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ECPN Events

ECPN Luncheon: How to review articles

Wednesday, May 28th 11:30-1pm (registration required)

Session Chairs: Amanda Sisselman, D.S.W. and Nancy Travino-Schafer, M.S.

Peer review is an integral part of most (if not all) SPR members’ professional responsibilities.  Some ECPN members are at a stage in their career when they are learning how to answer peer reviewers comments (e.g., when revising a manuscript). Other ECPN members are currently transitioning into the role of being a peer reviewer themselves. Being a peer reviewer eventually becomes a significant part of a researcher’s work. To help ECPN members to become competent peer reviewers, this session has several goals:

(1)       To outline a few principles that can help us do a good job when conducting a peer review;

(2)       To use these principals in an interactive reviewing activity, moderated by ECPN members;

(3)       To provide guidelines about when to say “yes” and when to say “no” to a peer review request.

This topic is especially timely considering that Catherine Bradshaw, the upcoming editor of Prevention Science, will put together a mentored-review program for the journal, wherein graduate students will get the chance to learn how to conduct good peer reviews of submitted manuscripts.

Confirmed Speakers:

  • Catherine Bradshaw, Ph.D., M.Ed. (Professor, Associate Dean for Research and Faculty Development, University of Virginia; Editor, Prevention Science)
  • Elizabeth Trejos-Castillo, Ph.D. (Associate Professor, Texas Tech University; Associate Editor, Journal of Early Adolescence)
  • Elise Pas, Ph.D., NCSP (Assistant Scientist, Johns Hopkins Bloomberg School of Public Health)


ECPN Session I: Setting and Achieving Goals Throughout Your Early Career Trajectory

Thursday, May 29th 1:15-2:45pm

Session Chairs: Diego Garcia-Huidobro, M.D. and Crystal Barksdale, Ph.D.

As with everything, a good start is important to one’s career trajectory.  This session will focus on how to plan, set, achieve and adjust goals throughout the first years of a prevention scientist’s career.  This session will also discuss how early career activities inform middle and late careers from both academic and non-academic perspectives.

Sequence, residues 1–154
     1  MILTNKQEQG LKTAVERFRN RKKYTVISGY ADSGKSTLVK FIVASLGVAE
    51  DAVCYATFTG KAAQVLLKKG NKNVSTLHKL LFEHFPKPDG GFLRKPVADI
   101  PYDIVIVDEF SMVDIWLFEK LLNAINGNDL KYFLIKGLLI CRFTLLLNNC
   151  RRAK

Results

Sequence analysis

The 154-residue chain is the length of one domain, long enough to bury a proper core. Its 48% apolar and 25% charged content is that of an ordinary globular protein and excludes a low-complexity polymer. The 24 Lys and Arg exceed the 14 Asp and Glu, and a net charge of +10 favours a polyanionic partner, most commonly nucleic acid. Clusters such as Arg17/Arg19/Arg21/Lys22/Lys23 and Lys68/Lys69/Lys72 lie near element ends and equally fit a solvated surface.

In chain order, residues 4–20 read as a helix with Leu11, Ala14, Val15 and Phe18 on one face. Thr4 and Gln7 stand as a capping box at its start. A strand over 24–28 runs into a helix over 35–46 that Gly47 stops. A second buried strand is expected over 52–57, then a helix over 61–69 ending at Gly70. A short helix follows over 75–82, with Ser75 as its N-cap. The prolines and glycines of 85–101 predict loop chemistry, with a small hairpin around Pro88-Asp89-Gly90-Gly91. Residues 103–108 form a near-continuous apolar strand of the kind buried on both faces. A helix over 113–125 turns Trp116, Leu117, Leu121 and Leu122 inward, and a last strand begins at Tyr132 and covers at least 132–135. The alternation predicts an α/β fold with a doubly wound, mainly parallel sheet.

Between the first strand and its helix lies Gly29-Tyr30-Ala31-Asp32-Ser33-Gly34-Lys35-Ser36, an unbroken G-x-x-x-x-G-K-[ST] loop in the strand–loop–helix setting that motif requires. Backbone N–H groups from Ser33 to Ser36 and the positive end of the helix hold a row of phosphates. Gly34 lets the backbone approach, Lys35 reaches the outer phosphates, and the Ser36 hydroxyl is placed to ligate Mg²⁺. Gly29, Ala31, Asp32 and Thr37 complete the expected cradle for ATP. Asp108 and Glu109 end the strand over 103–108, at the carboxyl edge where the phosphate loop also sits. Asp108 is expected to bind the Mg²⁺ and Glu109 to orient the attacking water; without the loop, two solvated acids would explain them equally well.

Confirmed Speakers:

  • Rhonda Boyd, Ph.D. (Assistant Professor, Children’s Hospital of Philadelphia and University of Pennsylvania Perelman School of Medicine)
  • Philip Graham, Dr.P.H., MPH. (Senior Public Health Researcher, RTI International)
  • Sarah Bacon, Ph.D. (Behavioral Scientist, CDC)
  • Gerald August, Ph.D. (Professor, University of Minnesota Medical School and Director of the Center for Personalized Prevention Research in Children’s Mental Health)


ECPN Session II: How to BE a Good Mentor

Friday, May 30th, 8:30-10am

Session Chairs: Katrina Debnam, Ph.D., MPH and Brittany Cooper, Ph.D., M.S.

While past sessions have focused on the importance of receiving good mentorship and have given guidance as to how to be a good mentee, little attention has been paid to the fact that the majority of ECPN members also find themselves as mentors. In fact, a recent survey of ECPN members suggests that they spend a substantial part of their week in various mentoring activities.  While universities may provide teaching and research support, advice on mentoring, particularly for early career professionals, is less likely to be available.  This session will seek to:

(1)      Use data from the mentorship survey conducted in 2010 to discuss the dual roles of mentee/mentor for ECPN members

(2)      Elucidate best practices in mentoring, particularly geared towards the type of mentorship roles that ECPN members are most likely to identify (e.g., mentoring graduate and undergraduate students)

(3)      Provide strategies for balancing the time spent mentoring with other activities necessary for promotion

(4)      Provide an opportunity for small group discussion with experienced mentors regarding potential challenges encountered while mentoring as an early career professional.

Confirmed Speakers:

  • Michael Hecht, Ph.D. (Professor, Pennsylvania State University)
  • Sharon Lambert, Ph.D. (Associate Professor, George Washington University)
  • Brian Flay, Ph.D. (Professor, Oregon State University)
  • Sarah Lindstrom Johnson, Ph.D. (Assistant Professor, Johns Hopkins University School of Medicine)
  • Amanda Sisselman, D.S.W. (Assistant Professor and Mentor, State University of New York)